What is popularly being read is not true of the scholarship, which is much more objective and critical. I actually think that the empire set back development in large areas in the world and that the hypocrisy and self-serving arguments made in favour of colonialism needed to be dealt with. That’s why this book.
What impact did these popular beliefs that you attack in your book – from the empire being termed relatively constructive, imparting a sense of political unity, laying down the foundations of democracy, an intricate network of the railways, etc. – have on the psychology of Independent India?
I think the British were very good at myth-making. They spun these stories about themselves which were difficult for others to dispel which even Hollywood played along, with films like Gunga Din and The Lives of a Bengal Lancer which helped create a romantic aura of the British empire in India.
I still know Indian children who have been brought up to believe that Winston Churchill was a good guy whereas for me he was one of the most appalling human beings to have had political influence in the twentieth century. The fact remains that because Indians are largely a forgiving people, we don’t hold grudges very long. The nationalist movement itself was not full of bitterness, they sort of won freedom for us in a gentlemanly manner.
As you know, India chose to remain in the Commonwealth after independence. That absence of rancour meant there was no systematic effort made to undo any of that myth-making, and that remained pervasive even while other accounts of nationalism were available and taught at universities and schools. Nevertheless, the popular image remained what the British insidiously built up over a century or so.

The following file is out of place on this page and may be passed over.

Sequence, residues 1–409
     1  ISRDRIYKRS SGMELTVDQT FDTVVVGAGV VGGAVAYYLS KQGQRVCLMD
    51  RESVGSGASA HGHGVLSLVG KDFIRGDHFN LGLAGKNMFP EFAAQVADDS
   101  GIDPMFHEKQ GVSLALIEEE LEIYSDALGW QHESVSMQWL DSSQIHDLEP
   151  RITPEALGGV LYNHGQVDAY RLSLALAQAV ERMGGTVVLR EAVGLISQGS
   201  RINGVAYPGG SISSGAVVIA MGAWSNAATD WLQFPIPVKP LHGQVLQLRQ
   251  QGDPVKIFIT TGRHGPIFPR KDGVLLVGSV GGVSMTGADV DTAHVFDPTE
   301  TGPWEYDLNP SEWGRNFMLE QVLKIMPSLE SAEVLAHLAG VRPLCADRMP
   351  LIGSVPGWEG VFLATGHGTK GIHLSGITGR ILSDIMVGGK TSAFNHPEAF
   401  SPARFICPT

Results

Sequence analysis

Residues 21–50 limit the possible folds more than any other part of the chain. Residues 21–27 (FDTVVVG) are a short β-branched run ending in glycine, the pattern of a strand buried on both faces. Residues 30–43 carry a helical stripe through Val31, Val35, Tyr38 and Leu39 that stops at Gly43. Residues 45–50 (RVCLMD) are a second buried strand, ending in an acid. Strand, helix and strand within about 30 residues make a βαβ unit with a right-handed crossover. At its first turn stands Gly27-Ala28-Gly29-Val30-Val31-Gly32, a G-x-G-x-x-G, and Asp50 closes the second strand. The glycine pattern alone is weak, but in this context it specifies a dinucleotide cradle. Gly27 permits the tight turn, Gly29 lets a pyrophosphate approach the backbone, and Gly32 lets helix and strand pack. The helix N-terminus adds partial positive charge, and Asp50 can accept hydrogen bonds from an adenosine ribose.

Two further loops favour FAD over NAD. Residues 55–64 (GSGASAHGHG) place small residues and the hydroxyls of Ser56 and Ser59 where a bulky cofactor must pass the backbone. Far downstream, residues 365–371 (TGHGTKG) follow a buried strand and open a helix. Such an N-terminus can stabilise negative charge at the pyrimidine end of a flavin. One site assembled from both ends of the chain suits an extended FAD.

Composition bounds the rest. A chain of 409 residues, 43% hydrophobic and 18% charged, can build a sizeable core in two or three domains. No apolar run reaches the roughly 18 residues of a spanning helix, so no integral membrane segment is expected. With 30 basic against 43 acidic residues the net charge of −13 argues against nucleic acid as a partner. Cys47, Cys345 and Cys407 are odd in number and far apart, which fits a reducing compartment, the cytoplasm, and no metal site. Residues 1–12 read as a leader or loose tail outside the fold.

At the same time, lack of rancour is a good quality. There is an anecdote which I wasn’t able to verify but which I used in my book about when Nehru met Churchill in the 1950s and Churchill, in what seems an uncharacteristic, moment said: “I’m surprised after all the years we put you in jail, the way we treated you folks, you seem to bear no ill-will towards us.” And Nehru is supposed to have replied: “I was taught by a great man (naming Mahatma Gandhi) never to fear and never to hate.”
It’s one of those stories that have acquired strength in the retelling. It captures a lot of the issue of the attitude. Once we said we were not afraid of the British, we had no reason to hate them either as long as we had won the freedom we thought they had unjustly deprived us of, and it was in that spirit that we dealt with them thereafter.
You emphasise that an apology is due from British leaders to India.
I think it will be a cleansing of the soul. After all, look at what (Canadian Prime Minister) Justin Trudeau did on Komagata Maru, which is a far far lesser wrong, if you like, than Jallianwala Bagh. At least the Canadians didn't kill the people on board Komagata Maru, they just sent them away, and in many cases they succumbed to British action.
But in the case of Jallianwala Bagh, the British General actually ordered the killings, ordered the mistreatment of the bodies lying in the field, and on top of that the British tried to exonerate him in the official commission of inquiry and raised what is a vast sum of money by today’s standards for this killer. Now this is something which is a blot on their civilisation’s history. And for a successor to that history to renounce it would be a very fine thing to do.